Obviously there continues to be photographers who trade in the Jesus complex by saving the world, one photograph at a time. Take James Nachtwey for instance, as a classic example. Not to diminish his work in any way, but there is little doubt that his style sits squarely in the tradition of early photojournalism as espoused by such agencies as Magnum or Blackstar (when they actually did shoot war) et al:
Chechnya, 1996 – Ruins of Central Grozny
Afghanistan, 1996 – Mourning a brother killed by a Taliban rocket
Now compare Natchwey’s work to that of British photography duo Adam Broomberg and Oliver Chanarin:
Suicide bomb disguised as a watermelon (from “Chicago”)
These images are a selection from their book about the Israeli military’s training camp dubbed ‘Chicago’:
“With the obliteration of the centre of the Jenin refugee camp, the Israeli military realized that it had to push its engineering corps to improve its ‘art of destruction’. As a part of these efforts the military began to upgrade a small mock-up town it called Chicago (in homage to that other bullet-ridden city). Located in the Tze’elim base in the Negev desert, it was to become the world’s largest mock-up oriental city erected since the filming of Ben-Hur.” (from the article Ghost town by Eyal Weizman)
So, really, here are two ways of telling similar narratives of war. Personally, I’m drawn to the Broomberg-Chanarin images. Whilst they aren’t taken in the ‘thick of battle’ or at the ‘frontlines’, they speak more to me of the futility and weirdness of war. Sometimes when I’m faced with images like Natchwey’s, I feel powerless, even guilt and shame for not understanding the horror of another’s tragic experience, and I look away. But with the Chicago pictures (as an example), I feel angry and outraged but my focus is completely drawn in. Maybe it’s the daggy cut-out Muslim city? I don’t know. Then again, perhaps it’s simply the very human traces of misunderstanding and self-deceit that project themselves in these quite [quiet] extraordinary photographs?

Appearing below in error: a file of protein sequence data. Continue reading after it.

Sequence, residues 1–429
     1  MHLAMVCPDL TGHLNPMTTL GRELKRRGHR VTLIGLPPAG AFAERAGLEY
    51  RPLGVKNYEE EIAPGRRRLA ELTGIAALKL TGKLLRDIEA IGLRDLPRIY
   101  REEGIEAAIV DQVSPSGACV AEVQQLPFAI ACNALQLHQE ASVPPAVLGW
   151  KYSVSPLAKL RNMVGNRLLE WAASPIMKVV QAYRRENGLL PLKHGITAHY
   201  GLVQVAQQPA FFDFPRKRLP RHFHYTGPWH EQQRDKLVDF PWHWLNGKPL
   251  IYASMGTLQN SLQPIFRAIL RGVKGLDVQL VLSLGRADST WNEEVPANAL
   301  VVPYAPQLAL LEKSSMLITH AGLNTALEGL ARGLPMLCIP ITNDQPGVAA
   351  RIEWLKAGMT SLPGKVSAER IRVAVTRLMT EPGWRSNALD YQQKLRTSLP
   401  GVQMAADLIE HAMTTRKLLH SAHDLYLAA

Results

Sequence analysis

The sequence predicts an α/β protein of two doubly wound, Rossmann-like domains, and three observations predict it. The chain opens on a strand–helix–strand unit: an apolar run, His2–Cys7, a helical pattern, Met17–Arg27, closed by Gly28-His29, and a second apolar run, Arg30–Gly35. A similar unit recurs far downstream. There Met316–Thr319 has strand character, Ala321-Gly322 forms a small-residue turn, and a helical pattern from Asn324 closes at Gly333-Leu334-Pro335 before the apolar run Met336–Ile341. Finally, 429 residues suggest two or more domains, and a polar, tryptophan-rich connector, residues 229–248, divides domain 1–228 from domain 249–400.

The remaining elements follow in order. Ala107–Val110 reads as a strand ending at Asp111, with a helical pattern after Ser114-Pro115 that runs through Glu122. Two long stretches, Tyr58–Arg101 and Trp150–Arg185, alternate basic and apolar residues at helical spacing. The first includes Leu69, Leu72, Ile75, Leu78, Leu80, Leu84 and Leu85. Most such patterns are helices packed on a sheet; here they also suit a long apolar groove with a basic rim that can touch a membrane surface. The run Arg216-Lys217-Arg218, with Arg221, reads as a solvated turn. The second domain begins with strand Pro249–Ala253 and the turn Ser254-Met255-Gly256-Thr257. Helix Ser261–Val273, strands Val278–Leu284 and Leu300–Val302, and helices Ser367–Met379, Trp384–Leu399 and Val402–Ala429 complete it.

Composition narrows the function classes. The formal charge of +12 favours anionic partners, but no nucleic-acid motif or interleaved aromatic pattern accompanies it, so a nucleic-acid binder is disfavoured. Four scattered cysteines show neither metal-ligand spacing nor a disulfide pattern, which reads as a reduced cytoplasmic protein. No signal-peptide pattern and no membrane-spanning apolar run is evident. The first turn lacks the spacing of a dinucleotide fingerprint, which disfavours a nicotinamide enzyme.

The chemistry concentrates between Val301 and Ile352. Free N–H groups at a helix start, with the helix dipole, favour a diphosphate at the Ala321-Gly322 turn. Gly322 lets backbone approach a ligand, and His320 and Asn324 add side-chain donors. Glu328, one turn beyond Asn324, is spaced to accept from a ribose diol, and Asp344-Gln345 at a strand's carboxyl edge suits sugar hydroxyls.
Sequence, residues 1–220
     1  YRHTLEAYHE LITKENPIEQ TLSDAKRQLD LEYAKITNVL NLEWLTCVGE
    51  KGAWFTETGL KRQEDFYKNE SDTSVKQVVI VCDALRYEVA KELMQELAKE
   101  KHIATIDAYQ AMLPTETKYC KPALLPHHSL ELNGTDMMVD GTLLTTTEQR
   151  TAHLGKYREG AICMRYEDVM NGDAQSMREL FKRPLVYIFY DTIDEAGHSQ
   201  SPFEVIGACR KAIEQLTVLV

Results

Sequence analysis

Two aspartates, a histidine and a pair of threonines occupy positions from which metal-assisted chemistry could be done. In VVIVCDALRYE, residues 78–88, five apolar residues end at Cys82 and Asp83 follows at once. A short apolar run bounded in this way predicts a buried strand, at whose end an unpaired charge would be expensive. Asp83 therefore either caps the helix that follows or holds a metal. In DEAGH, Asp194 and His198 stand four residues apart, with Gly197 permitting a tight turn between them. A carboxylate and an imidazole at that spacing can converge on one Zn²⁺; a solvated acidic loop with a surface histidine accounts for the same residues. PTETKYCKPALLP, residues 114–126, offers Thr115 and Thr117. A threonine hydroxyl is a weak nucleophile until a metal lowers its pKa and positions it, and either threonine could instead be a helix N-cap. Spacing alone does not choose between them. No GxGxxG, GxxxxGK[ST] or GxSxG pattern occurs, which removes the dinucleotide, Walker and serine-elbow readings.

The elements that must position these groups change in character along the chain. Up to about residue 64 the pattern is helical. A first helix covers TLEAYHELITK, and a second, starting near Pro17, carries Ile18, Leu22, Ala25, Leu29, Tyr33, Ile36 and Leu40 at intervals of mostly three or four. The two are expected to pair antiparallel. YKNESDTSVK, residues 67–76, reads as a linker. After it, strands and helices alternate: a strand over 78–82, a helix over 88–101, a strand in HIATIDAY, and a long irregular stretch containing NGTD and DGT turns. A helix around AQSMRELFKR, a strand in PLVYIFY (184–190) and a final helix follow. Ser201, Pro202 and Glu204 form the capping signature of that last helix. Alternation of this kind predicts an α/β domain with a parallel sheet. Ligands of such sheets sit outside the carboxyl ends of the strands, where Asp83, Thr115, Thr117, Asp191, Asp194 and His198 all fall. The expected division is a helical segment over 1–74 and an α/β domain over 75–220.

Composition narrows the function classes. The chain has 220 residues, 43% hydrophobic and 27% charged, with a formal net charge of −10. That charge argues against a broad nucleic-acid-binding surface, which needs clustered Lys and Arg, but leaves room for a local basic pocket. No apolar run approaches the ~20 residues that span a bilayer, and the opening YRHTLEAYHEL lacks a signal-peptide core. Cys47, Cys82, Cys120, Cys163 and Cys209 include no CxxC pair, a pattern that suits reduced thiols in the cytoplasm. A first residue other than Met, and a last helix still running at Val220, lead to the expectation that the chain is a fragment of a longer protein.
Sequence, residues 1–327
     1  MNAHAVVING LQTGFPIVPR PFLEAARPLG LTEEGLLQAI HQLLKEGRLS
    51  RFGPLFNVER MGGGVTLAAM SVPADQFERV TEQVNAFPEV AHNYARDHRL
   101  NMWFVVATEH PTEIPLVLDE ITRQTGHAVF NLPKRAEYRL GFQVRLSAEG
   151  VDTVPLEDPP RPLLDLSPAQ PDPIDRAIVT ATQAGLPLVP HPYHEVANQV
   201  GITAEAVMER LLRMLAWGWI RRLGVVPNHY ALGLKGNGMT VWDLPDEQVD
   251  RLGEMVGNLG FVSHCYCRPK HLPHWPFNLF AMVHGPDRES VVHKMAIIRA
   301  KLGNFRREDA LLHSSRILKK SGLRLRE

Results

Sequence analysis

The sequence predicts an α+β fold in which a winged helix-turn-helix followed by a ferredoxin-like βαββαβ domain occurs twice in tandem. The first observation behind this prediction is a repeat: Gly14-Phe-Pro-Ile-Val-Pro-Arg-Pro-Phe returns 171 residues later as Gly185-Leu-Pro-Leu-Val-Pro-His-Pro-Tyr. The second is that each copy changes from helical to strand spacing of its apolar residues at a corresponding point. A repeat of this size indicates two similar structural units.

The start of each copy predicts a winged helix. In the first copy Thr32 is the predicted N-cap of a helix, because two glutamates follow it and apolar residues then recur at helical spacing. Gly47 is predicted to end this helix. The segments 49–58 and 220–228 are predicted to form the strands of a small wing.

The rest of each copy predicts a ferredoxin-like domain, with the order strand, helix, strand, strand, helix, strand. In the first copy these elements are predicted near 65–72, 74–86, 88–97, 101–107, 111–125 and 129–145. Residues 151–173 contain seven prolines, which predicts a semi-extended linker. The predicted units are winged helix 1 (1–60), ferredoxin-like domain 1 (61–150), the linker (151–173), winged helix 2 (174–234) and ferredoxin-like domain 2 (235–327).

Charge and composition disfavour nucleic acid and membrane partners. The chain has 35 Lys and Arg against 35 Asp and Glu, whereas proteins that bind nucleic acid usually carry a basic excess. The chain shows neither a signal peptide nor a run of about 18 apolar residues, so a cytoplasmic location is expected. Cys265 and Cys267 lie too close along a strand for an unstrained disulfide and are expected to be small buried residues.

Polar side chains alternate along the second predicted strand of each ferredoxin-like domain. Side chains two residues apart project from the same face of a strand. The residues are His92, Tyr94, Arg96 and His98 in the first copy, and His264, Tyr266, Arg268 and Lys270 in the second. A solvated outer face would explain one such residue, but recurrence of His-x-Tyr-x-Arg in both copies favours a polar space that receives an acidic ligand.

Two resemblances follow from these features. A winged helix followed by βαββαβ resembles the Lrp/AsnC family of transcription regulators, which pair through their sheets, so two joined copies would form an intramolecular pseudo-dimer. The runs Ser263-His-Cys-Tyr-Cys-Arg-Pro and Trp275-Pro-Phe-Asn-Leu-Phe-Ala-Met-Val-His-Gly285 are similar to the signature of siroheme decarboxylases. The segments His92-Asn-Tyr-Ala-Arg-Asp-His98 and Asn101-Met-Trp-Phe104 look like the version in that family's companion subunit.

So, I’m back facing my earlier musings about the edginess of reality (whatever this might prove to be). I’m not sure that the Broomberg-Chanarin pictures are edgy in the sense of heroic-edgy. Sinister and chilling perhaps. But is this edge? I’ve been trying to unravel this idea of an ‘edge’ in my own documentary practice, though I do not photograph war, violence or post-conflict. Whatever it’s called I can’t quite put my finger on it. Martyn – my supervisor – is pushing me for more than what I currently have (“I need more of an….. edge”), but he is only seeing the images I’ve laid out in front of him. What he hasn’t seen yet is the rest (I do tend to work in series) which is sitting in wait in my mind’s eye, and for the right moment…. in you guessed it, real-life.
I suppose I am wondering whether a work can be deemed irrelevant if it doesn’t have this so called ‘edge’? And if I can’t capture it in photographs, does this then mean that my gaze is edgeless?
Mmmm, reality doesn’t so much bite as gnaw……. at least in my world.